Discussing options with specialist advisers helps to clarify plans through exploring options and refining skills of job-hunting. In most of our programmes there is direct input by Career Development Advisers into the curriculum or through specially arranged workshops.
Graduates will leave with critical thinking, analytical and communications skills and will be highly attractive within and outside the criminal justice sector.
87.5% of our 2017 Sociology and Criminology graduates found employment or went on to further study within six months of graduating.*
The average starting salary for our 2017 Sociology and Criminology graduates was £19,117.*
*These DLHE statistics are derived from annually published data by the Higher Education Statistics Agency (HESA), based on those UK domiciled graduates who are available for employment or further study and whose destinations are known.
The programme adopts a range of teaching methods in order to provide a varied experience, allowing all students to learn appropriately.
Some modules take place on the wider faculty arena, bringing students into contact with students of other disciplines. In your first year, you will typically be in lectures, workshops and seminar groups with other students from your degree programme. You will also have individual and group tutorials with your Personal Tutor to develop your learning skills and style. In your second year, you will experience teaching styles similar to those in year one but also encouraging you to apply your developing skills to constructing research approaches and projects. In your final year you will apply those skills to more independent work on a dissertation and in a work placement as well as applying the knowledge acquired in previous years to two specialist crime modules.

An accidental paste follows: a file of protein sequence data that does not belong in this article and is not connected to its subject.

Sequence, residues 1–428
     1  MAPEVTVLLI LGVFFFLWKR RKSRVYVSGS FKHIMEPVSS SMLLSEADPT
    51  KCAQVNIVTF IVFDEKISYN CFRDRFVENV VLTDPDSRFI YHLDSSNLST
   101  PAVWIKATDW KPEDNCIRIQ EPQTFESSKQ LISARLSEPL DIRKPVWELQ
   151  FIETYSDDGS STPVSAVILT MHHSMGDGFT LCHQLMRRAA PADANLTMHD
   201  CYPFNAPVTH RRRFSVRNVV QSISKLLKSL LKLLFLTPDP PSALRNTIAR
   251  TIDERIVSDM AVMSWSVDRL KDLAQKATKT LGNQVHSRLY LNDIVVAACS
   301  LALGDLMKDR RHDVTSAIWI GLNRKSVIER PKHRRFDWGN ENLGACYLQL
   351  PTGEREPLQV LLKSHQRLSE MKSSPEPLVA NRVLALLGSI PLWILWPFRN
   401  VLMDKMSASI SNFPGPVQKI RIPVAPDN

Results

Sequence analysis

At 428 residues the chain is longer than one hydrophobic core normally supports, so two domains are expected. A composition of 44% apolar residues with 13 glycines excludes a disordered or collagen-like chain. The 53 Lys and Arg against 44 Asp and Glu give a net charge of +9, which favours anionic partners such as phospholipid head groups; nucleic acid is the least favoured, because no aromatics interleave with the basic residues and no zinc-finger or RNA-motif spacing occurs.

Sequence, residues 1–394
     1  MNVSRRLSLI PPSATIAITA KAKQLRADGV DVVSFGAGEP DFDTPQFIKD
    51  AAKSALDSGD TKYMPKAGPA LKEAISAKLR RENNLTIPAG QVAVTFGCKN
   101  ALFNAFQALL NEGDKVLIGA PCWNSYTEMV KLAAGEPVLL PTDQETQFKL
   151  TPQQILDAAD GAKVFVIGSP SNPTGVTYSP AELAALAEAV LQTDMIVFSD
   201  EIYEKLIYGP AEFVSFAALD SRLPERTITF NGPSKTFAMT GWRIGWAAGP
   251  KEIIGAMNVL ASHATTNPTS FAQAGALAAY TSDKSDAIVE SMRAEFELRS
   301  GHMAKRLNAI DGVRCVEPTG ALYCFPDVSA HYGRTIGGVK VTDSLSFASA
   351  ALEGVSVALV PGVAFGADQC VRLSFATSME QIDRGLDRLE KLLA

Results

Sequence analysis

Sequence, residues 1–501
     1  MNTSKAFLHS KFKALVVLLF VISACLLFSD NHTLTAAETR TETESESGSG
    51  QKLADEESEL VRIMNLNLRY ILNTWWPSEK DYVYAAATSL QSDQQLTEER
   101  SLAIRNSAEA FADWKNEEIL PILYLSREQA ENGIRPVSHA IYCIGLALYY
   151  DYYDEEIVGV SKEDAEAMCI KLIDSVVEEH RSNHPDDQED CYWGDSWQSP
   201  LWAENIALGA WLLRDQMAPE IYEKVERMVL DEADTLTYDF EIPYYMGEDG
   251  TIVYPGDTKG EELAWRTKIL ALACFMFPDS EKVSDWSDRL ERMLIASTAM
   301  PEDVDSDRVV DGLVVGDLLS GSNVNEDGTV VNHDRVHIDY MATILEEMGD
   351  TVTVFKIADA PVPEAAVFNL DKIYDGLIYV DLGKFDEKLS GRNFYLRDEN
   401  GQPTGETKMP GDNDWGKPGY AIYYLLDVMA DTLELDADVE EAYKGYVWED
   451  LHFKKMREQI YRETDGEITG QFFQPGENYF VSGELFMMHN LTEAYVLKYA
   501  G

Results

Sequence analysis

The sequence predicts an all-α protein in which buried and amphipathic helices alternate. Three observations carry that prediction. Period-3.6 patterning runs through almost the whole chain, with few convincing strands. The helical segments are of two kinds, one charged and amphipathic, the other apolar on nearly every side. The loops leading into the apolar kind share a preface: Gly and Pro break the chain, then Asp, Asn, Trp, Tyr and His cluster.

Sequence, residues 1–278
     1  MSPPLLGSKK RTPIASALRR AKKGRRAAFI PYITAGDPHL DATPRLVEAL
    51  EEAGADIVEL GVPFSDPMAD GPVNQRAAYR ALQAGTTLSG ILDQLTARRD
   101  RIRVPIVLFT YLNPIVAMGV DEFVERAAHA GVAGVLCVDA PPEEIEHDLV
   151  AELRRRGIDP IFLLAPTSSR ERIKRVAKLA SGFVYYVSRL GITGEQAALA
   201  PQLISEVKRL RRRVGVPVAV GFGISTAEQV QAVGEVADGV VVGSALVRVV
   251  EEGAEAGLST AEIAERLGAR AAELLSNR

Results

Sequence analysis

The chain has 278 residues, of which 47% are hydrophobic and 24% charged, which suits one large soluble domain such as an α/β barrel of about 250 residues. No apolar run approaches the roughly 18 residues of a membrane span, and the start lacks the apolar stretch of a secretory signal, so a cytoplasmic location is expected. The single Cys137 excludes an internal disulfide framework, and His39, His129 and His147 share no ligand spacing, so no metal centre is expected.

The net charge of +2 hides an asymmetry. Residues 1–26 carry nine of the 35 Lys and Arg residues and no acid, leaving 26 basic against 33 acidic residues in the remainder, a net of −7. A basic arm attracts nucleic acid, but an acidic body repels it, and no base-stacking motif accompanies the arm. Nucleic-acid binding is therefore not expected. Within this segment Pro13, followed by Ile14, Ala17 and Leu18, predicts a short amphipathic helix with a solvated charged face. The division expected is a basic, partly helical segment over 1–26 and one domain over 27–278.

Assessment varies by module. Assessment methods include individual and group presentations, essays, reports and examinations. Students are offered opportunities to present formative assessment in all modules where this is feasible. The assessment diet is incremental: a maximum of 2,000 words or the equivalent per module in the first year, graduating in length to offer the opportunity for a major piece of academic work and a work-related academic analysis in your final year.
You’ll be assigned a Personal Academic Tutor who has regular and weekly ‘drop-in’ slots available. Appointments outside of these hours can also be arranged.
You’ll also be assigned a personal tutor to supervise your dissertation.
Our academic expertise in the field of Sociology and Crime ensures that programme content and delivery is research-led, contemporary and robustly informed.
We have an experienced, highly-qualified and strongly research-active teaching team. The programme will be taught by existing experienced staff with strong research records who have published widely in sociology, social policy, criminal justice and vocational and professional subjects such as education and social work.
Formal lectures facilitate the acquisition of knowledge and understanding at the early stages of the course. As it progresses, the main emphasis is on self-directed research and evaluation of related literature; students will be supported in these by individual supervisors. These aspects further develop the research-informed nature of the curriculum.
The dissertation module provides a major opportunity to demonstrate competence in the execution of desktop and/or empirical research and autonomy in data-handling and critical interpretation in a research context. The ability to deal with complex issues and solve problems will be enhanced by effective reflective practice.